How do you make new friends? (and I moved…)

September 2, 2008 - Get free updates of new posts here

I have talked about this issue with many people over the years. When you move to a new place, how do you make friends? On many social networking sites its easy to list and index all the friends you currently have. But what about the friends you don’t have yet…

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If I didn’t mention to you before, I recently moved to Austin, TX. Huh? WTF! What are you doing there? Mostly, I am getting ready for SXSW next year, kidding;) I moved here for a few reasons:

Burritos. They have more burrito places per capita than any other city in America.
Talent. UT Austin is a huge talent pool and there are not as many start-ups out here recruiting or being built.
Money. The cost of living is much cheaper. You can rent a house for $1,000 or less. Gas is $3.50 and burritos are less than $4.
Change. I am not sure how long I am staying here but every-time I have visited I have an amazing experience. I wanted to get a change of scenery from the Bay Area and be around more non-tech people.

So what does this mean?

1- Anyone can come crash / visit me whenever they want.
2- There are so many sites out there for current friends. What about ways / ideas to introduce and discover new people that you should know…
3- I am curious how people make new friends. My business partner is out here so I have him and a few people from when I have visited Austin in the past. I wanted to throw the challenge to you about how you would make new friends in a completely new town.

Some ideas I have to make new friends:

1- Join a club / group: chess, biking, bowling, table tennis / tennis. I can find them on meetup, craigslist, facebook and google searches
2- Reach out to my existing network here.
3- Go to church / synagogue. Not my ideal thing but I know my Jewish mother would be extremely happy.
4- Try dating websites? I don’t really want to date but at least those people are looking to make new friends.

What would you do?

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33 responses to “How do you make new friends? (and I moved…)

  1. Ben Bleikamp Reply

    (lets see if the list feature works in comments…if not i will build it in for you)

    community next: meet people in austin
    join a softball league or something along those lines
    be the mysterious out of towner at the local bar

    In all seriousness, I was thinking about this the other day and wondering why it is so natural for kids in kindergarten, 1st grade, etc. to simply reach out and play with each other without anyone asking questions and wondering why that does not work for adults.

  2. Silus Grok Reply

    Flatmates are a good start — if they’re not old pals from way back.

    I’m a religious man, myself, so there’s not city in America where I don’t have a ready-made set of (if not friends) acquaintances.

    Pick some hang-outs… find “your” coffee place, “your” small grocer, “your” florist, “your” bar — and then frequent them. Make friends with the staff and the owner.

    Dating sites are great for making friends, too… If you’re comfortable with it, I’d suggest signing up at a gay dating site. There are TONS of guys out there looking for camping or work-out buddies — and there’s none of the stigma of “looking for friends” on a straight site. Be witty and up-front in your profile, and you’re good to go. It helps that you’ve got a nice face.


    You’ve got a full-time gig… think of helping out at a “your” lunch place during lunch. My downstairs neighbor did this: he hired himself out for 3 days a week during lunch (two hours) at the deli downstairs. He specified that he wants to be counter help (no cleaning) — and they pay him in food. He’s having a blast and making lots of new friends.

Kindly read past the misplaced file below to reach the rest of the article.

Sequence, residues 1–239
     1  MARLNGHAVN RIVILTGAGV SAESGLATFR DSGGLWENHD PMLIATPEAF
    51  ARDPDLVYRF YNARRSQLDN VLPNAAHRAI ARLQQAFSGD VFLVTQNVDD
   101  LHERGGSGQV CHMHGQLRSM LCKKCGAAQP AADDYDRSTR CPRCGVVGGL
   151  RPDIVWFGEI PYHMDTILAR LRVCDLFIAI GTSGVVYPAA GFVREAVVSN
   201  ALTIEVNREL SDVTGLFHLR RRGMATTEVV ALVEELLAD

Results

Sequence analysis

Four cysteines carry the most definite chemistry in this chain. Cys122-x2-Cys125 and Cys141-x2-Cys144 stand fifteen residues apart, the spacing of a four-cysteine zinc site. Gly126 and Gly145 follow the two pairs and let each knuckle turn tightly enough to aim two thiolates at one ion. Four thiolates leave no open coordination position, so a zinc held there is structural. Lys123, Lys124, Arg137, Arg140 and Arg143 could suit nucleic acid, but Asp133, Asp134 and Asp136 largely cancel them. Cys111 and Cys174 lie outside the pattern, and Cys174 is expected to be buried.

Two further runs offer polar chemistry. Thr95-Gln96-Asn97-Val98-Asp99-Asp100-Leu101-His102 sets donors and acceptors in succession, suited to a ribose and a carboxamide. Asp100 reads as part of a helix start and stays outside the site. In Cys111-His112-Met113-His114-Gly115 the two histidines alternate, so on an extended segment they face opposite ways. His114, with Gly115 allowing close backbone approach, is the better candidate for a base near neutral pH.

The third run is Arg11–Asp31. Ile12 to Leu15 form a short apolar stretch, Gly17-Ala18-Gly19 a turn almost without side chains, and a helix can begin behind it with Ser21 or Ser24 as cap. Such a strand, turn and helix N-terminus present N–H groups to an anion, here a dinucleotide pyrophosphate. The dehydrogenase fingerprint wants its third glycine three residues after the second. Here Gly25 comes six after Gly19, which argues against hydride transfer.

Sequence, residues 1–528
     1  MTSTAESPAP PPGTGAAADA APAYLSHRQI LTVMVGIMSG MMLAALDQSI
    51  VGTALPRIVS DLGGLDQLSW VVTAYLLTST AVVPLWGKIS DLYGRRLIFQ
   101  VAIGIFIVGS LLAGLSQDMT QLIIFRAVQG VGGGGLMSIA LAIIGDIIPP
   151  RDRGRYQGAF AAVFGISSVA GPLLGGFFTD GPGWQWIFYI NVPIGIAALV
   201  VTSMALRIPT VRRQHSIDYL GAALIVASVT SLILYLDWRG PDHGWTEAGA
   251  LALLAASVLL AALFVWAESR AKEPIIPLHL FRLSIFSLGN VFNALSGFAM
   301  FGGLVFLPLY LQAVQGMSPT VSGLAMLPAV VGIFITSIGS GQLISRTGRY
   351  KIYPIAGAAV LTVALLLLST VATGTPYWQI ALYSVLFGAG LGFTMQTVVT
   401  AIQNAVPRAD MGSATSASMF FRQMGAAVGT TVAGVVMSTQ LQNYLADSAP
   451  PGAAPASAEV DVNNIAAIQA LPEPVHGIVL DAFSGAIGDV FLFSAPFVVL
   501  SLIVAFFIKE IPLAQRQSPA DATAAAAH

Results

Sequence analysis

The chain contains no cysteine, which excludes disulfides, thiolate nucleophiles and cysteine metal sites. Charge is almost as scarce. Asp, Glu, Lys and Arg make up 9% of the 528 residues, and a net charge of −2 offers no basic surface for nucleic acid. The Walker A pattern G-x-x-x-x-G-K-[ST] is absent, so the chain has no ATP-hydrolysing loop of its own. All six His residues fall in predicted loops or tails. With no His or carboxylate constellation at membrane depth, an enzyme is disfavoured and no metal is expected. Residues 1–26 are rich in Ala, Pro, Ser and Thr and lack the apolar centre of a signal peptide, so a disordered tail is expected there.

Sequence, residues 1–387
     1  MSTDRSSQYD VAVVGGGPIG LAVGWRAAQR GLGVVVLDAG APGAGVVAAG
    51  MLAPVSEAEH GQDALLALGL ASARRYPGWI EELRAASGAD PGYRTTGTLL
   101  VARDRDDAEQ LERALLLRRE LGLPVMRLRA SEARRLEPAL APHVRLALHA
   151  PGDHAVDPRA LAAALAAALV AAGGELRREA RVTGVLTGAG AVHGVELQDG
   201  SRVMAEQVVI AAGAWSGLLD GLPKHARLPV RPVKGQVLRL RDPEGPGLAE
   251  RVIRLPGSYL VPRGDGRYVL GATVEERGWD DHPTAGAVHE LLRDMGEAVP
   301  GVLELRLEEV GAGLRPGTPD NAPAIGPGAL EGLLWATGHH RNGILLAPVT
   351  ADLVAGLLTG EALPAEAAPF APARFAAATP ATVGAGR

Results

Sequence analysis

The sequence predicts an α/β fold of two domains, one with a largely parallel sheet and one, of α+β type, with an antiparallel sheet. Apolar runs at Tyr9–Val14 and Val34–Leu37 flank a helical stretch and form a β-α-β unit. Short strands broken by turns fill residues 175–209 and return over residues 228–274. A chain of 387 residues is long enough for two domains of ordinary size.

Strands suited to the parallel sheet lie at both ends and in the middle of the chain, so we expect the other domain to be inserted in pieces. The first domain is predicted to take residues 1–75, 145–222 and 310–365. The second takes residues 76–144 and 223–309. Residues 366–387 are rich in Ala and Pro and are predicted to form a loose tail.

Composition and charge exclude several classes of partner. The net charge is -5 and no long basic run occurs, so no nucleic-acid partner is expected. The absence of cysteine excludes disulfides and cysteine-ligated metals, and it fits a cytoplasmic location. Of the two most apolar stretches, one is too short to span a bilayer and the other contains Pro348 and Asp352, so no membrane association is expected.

Have a personal card made up that you can use when socializing. Have your blog, your Flickr account, and your e-mail and mobile on it. Make use of it when you’re socializing with folks on the go.

    Host a dinner monthly dinner party — invite two or three people, and have them bring someone you don’t know (but they think you’ll like). Then, the next month, rotate one of the oldies for one of the noobs. Rinse, repeat. The only trick on this one is letting people know that you’re going to rotate them out.

    ; )

    So them’s my recommendations.

  3. kadavy Reply

    Whoa, that’s awesome! Being in the same boat right now, I can say that the tech scene isn’t a bad place to meet people, as long as you aren’t in SF. You’ll meet plenty of more normal people, I’m sure. But yeah, Meetup groups are great, but rather than joining a group, I think it’s better to start your own. My Flatmate Meetup has been a great way to get to know Chicago and meet people from outside of tech. Hey, let me know if you want to throw one in Austin!

  4. noah Reply

    why is it so awkward to go up to people and be like oh can we be friends. or “gay” to ask guys for #s just to be friends and hang out. thats why i think common activities make a lot of sense.

  5. Laura Roeder Reply

    Austin is my hometown so I feel like I should give you an official welcome, you will love it!

    I have met most of my friends in Chicago through volunteering and the wives at my SOs job which of course branches out into friends of friends. I also meet a lot of friends through my business though they tend to be “business friends”, people who I see socially but we mostly talk about business issues and ideas.

    I met the above commenter by asking on twitter if he wanted to have lunch so that is always a good way to make friends! You really just have to put yourself out there. I think its important to make it a priority and be very proactive about it or you’ll find yourself a year later with no one to talk to.

  6. Noah Kagan Reply


    you rule. i am not sure about taking a job but going to a few places very frequently is a great idea. also, the gay dating site is hella creative. good call.

    setting up a dinner could be good. i think gyms are weird places to meet people but maybe some activity group could work.

    what sites do you recommend?

  7. Will Reply

    Congrats on the move, now you are 50% closer to me in DC :-). I am planning on being at SxSW next year, so I will see you then.

    As for meeting new people, get drunk and get arrested and spend the night in jail. You will meet all kinds of interesting people in the drunk tank, you can share stories and pick up digits there 😉 Or there is always co-ed sports teams, but that too may lead to getting drunk and winding up in the tank 🙂


  8. Noah Kagan Reply